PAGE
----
A giant planet in the tripple system HD 132563

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A giant planet in the tripple system HD 132563

Post by Sirius_Alpha on 5th July 2011, 11:03 pm

A giant planet in the triple system HD132563
http://arxiv.org/abs/1107.0918

As part of our radial velocity planet-search survey performed with SARG at TNG, we monitored the components of HD 132563 for ten years. It is a binary system formed by two rather similar solar type stars with a projected separation of 4.1 arcsec, which corresponds to 400 AU at the distance of 96 pc. The two components are moderately metal-poor and the age of the system is about 5 Gyr. We detected RV variations of HD 132563B with period of 1544 days and semi-amplitude of 26 m/s. From the star characteristics and line profile measurements, we infer their Keplerian origin. Therefore HD 132563B turns out to host a planet with a projected mass msini=1.49 MJup at 2.6 AU with a moderately eccentric orbit (e=0.22). The planet around HD 132563B is one of the few that are known in triple stellar systems, as we found that the primary HD 132563A is itself a spectroscopic binary with a period longer than 15 years and an eccentricity higher than 0.65. The spectroscopic component was not detected in adaptive-optics images taken with AdOpt@TNG, since it expected at a projected separation that was smaller than 0.2 arcsec at the time of our observations. A small excess in K band difference between the components with respect to the difference in V band is compatible with a companion of about 0.55 Msun. A preliminary statistical analysis of the occurrence of planets in triple systems indicate a similar frequency of planets around the isolated component in a triple system, components of wide binaries and single stars. There is no significant iron abundance difference between the components. The lack of stars in binary systems and open clusters showing strong enhancements of iron abundance, comparable to the typical metallicity difference between stars with and without giant planets, agrees with the idea that accretion of planetary material producing iron abundance anomalies larger than 0.1 dex is rare.

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Re: A giant planet in the tripple system HD 132563

Post by Edasich on 6th July 2011, 4:03 am

The first planet detected by Italian astonomers. Nice! Very Happy
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Re: A giant planet in the tripple system HD 132563

Post by Lazarus on 6th July 2011, 12:10 pm

As the paper points out, all known planets in triple systems are orbiting the isolated component, this one being no exception. Would be nice to find an example of other planetary configurations in these type of system...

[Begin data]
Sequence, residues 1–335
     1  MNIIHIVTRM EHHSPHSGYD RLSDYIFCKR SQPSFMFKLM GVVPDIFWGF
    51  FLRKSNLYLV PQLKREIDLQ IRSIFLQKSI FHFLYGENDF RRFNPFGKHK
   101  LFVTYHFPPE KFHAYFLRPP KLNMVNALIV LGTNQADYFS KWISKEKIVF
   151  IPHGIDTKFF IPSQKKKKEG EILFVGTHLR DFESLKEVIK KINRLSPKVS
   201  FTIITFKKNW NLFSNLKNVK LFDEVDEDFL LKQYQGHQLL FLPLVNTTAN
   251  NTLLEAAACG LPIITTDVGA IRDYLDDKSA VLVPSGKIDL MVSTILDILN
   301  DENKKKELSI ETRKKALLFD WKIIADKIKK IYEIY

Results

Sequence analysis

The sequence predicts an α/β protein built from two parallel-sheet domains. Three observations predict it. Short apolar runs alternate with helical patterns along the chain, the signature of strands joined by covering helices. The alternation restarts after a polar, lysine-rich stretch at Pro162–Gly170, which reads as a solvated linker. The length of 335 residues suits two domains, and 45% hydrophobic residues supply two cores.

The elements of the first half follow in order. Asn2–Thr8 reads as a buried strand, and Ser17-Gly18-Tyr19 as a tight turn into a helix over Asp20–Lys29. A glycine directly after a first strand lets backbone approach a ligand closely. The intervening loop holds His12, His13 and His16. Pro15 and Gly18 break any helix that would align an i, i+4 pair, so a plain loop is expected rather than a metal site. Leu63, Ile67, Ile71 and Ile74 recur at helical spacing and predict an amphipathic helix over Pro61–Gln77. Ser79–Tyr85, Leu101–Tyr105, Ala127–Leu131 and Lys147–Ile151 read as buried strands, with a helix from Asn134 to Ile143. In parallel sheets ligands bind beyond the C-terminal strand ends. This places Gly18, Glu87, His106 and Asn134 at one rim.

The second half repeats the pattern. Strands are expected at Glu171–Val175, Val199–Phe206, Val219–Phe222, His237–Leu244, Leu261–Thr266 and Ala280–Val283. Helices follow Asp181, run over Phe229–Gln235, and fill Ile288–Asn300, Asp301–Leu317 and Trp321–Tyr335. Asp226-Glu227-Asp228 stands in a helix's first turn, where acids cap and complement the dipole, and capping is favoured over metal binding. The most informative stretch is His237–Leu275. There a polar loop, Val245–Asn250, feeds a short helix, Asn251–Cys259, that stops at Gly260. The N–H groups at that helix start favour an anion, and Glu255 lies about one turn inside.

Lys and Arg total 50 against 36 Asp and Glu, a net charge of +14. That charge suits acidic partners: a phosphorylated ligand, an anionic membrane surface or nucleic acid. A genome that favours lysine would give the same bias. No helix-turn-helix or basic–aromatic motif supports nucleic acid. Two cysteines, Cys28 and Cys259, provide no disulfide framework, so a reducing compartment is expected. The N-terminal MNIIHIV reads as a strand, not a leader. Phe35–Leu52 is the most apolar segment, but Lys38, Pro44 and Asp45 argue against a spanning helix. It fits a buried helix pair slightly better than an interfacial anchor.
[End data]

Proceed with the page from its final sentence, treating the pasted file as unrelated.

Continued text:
Wonder what the planet situation is like in higher-order stellar systems, I guess the challenges of trying to detect circumbinary planets makes this a tricky observational challenge.
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Re: A giant planet in the tripple system HD 132563

Post by Edasich on 7th July 2011, 4:04 am

[quote="Lazarus"]As the paper points out, all known planets in triple systems are orbiting the isolated component, this one being no exception. Would be nice to find an example of other planetary configurations in these type of system...

Wonder what the planet situation is like in higher-order stellar systems, I guess the challenges of trying to detect circumbinary planets makes this a tricky observational challenge.[/quote

So far circumbinary planets are found orbiting dwarf novae or CVs (HW Vir, HU Aqr, NN Ser) or imaged very far away from young binaries (Ross 458 AB, SR 12 AB). The challenge is finding circumbinary via RV or astrometry around a binary of MS stars.
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Re: A giant planet in the tripple system HD 132563

Post by Sirius_Alpha on 7th July 2011, 4:47 pm

Edasich wrote:So far circumbinary planets are found orbiting dwarf novae or CVs (HW Vir, HU Aqr, NN Ser) or imaged very far away from young binaries (Ross 458 AB, SR 12 AB). The challenge is finding circumbinary via RV or astrometry around a binary of MS stars.

Well technically, the planetary systems you cite (HW Vir, HU Aqr, ...) were found through what amounts to a radial velocity method (and indeed suffers the same inclination degeneracies). The only difference is eclipse timing instead of doppler spectroscopy.

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Re: A giant planet in the tripple system HD 132563

Post by Lazarus on 7th July 2011, 5:40 pm

Actually the biases in eclipse timing are rather different to those of radial velocity. RV amplitude depends on orbital velocity, short period planets cause the star to move faster. Eclipse timing depends on the size of the orbit (which leads to light travel time delay), thus long-period planets are favoured.
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